Surprisingly, when the setting was "try to control over-usage", the overall player usage approached that seen with the "fully control" setting - in fact, I did not note a statistically significant difference.  It seems that the happy medium of "try to control over-usage" is a nice overall choice to allow ALL players a reasonable playing time and still allow for you to manage your teams the way you see best.

Here are some numbers so you can see for yourself:
1.  Fully control over-use: set at either minor leaguers eligible or 40/25
2.  Try to control over-use: set at either minor leaguers eligible or 40/25

In both situations above, when looking at each pitcher on the staff, they averaged pitching within 7-9% of their real-life innings (if we ignore those with under 15 IPs) - there was no statistical significance in my small amount of replays.  On the other hand, when the setting was at ignore over-use, the computer did just that - no effort was made to use the pitching staff as done in real-life.  In fact, each pitcher averaged being off by 34% in an average of three re-plays!  Remember, though, one gets exceptionally good usage with the setting at "try to control over-use" plus the computer will allow you more control in the details!  I highly recommend this setting.

V. Line-ups
Primary with rest:  HAL will use your first two line-ups, but will consider real-life usage to rest players
Primary:  uses line-ups 1 and 2
Secondary: uses line-ups 3 and 4
Automatic: used to replicate previous season's real life game line-ups
Draft league:  uses line-ups 1 through 4 (line-up 3 is for reverse lefty and 4 is for reverse righty)
Draft league with rest: uses line-ups 1 through 4 - but rests players for more "realistic" use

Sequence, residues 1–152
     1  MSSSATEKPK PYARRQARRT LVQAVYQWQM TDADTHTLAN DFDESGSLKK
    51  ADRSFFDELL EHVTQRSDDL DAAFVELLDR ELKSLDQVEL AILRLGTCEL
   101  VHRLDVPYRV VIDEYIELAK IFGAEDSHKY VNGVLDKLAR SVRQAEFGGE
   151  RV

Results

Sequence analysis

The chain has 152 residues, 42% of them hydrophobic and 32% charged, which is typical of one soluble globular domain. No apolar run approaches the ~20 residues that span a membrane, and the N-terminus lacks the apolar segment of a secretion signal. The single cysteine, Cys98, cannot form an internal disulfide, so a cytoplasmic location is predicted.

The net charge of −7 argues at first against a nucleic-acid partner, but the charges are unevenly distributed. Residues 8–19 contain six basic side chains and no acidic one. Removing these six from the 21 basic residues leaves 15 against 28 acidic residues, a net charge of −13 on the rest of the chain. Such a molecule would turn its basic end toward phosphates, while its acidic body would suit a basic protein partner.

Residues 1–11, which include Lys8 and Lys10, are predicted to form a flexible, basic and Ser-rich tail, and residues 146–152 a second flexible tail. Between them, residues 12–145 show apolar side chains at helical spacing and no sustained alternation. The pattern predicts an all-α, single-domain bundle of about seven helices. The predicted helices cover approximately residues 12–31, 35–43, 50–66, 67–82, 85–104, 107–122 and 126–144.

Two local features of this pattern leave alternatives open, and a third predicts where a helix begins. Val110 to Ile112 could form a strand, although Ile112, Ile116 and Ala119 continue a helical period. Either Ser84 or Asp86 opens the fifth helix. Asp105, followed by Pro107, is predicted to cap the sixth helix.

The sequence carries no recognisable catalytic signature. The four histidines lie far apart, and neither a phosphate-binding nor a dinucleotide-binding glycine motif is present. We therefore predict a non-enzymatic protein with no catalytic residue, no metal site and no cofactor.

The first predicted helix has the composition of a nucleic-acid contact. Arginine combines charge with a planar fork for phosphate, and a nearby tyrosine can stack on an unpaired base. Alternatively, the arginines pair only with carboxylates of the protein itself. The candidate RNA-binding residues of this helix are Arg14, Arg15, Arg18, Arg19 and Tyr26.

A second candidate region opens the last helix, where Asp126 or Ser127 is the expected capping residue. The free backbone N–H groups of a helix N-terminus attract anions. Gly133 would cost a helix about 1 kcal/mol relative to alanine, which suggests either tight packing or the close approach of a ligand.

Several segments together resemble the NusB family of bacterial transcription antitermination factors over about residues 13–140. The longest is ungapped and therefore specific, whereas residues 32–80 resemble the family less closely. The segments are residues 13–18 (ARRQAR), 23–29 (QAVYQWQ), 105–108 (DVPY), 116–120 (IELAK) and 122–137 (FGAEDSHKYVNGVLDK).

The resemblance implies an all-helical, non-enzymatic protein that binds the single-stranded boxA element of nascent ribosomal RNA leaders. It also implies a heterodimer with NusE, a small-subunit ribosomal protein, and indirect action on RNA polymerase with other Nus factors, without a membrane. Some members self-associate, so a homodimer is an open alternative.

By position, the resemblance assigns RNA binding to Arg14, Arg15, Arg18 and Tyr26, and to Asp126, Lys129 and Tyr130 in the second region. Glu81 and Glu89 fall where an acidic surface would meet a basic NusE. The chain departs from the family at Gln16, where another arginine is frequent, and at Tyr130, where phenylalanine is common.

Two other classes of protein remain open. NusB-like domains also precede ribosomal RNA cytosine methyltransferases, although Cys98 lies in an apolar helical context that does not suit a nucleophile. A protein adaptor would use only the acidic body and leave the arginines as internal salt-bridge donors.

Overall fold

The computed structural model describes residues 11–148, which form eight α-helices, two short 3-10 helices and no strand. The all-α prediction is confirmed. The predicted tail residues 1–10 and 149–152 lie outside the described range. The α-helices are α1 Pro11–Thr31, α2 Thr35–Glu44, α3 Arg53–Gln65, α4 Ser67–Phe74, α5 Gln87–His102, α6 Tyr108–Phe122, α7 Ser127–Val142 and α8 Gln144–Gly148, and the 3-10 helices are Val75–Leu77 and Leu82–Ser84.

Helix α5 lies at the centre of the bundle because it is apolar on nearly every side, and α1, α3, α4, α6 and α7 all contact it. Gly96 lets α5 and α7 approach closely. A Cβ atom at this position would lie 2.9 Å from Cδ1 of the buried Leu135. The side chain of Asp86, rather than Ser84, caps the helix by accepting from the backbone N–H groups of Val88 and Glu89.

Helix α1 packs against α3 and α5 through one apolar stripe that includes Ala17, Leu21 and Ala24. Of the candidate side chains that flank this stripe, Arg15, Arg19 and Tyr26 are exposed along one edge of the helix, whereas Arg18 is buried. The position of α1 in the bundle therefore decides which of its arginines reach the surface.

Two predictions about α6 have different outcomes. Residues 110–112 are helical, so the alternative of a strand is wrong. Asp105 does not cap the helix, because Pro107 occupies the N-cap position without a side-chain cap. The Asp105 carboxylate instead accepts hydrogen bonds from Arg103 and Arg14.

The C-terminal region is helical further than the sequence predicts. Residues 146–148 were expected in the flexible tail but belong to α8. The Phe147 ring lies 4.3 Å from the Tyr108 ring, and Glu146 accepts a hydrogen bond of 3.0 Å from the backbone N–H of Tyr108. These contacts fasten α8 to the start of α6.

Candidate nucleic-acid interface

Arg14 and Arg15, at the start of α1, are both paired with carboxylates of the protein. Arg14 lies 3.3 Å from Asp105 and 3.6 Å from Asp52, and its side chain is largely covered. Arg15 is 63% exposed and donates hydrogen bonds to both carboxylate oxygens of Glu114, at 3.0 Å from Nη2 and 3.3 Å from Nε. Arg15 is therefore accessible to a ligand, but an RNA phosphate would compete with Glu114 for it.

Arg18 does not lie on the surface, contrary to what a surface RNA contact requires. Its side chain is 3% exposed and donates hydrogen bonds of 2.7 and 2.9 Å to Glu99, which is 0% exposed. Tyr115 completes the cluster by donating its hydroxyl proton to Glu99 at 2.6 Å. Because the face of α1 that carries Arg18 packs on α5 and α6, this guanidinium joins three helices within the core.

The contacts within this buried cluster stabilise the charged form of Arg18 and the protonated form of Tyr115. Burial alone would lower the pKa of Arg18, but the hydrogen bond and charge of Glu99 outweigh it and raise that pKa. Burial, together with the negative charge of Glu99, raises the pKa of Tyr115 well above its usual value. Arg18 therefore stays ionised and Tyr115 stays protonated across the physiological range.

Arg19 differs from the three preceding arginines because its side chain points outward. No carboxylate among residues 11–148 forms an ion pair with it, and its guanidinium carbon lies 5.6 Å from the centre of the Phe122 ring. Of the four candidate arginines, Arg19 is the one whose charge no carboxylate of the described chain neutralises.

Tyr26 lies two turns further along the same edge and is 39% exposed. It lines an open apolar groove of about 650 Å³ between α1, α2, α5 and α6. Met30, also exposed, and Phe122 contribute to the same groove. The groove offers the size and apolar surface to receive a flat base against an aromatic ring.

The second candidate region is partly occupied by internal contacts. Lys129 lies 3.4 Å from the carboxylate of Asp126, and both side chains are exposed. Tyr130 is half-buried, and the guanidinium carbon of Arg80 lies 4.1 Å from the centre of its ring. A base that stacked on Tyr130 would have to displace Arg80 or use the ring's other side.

Note: remember to set up four line-ups when your league commissioner has set your league to 'draft league'!

Obviously, the Primary with Rest choice on this line-up screen provides Hal with the greatest leeway in using his players.  This will result in better batter usage with respect to real-life, but may wreck havoc with your desired line-ups.  If you pick this choice, you may very well want to pick SuperHal lineup depth chart so you will have control of the substitutions as Hal rests players throughout the season.  Don't forget to check the box 'SuperHal lineup depth chart subs' in the Options/lineups and usage area if you want to use this.  And, remember, you really need to do this (i.e. arrange each team's substitution pattern) for each team in the league as once you choose 'SuperHal for lineups' there is a default setting for all teams.  In other words, you cannot just carefully plan your lineup substitutions for your favorite teams and figure Hal will substitute in his usual fashion for the other teams.  That will not happen.  Instead, the line-up subs will proceed according to how the SuperHal lineup depth chart happens to look for each team in the league.   In other words, you should probably not use this particular SuperHal choice (for line-up subs) unless you are willing to take the time to see to it that each team is properly set.

Use SuperHal bullpen:  this box is also found on the Options/line-ups page - clicking on this setting will enable SuperHal to be used for all teams in the league.  Much discussion will follow as to the effects of this important decision.

Use SuperHal lineup subs: important when choosing primary with rest lineups as discussed above.  This tells SuperHal who to bring in at each position when the regular is not playing that day due to injury or 'fatigue'.  Set the line-up subs for each team on the line-up screen.

Allow extra start for certain pitchers:  This selection will allow for some pitchers who started a great percentage of their team's games, to be used, without tiring, more than every fourth day.

VI. Rules of League play

Main Rules
Maximum Level - if this is checked (as well as "game injuries" being checked within this category) it will tend to result in players, who have exceeded their real-life usage, having a tendency for game-day injuries in order to bring their player usage more in line with "reality"

Use Closer Rule - This results in relievers who were the actual closers on their major league teams (as demonstrated primarily by their save totals) being much more effective in save situations than if just based on a pitchers stats such as ERA, hits/IP, etc. [SOM save situation defined as defensive team with the lead in or after the 9th inning and tying or winning run is on base or at the plate]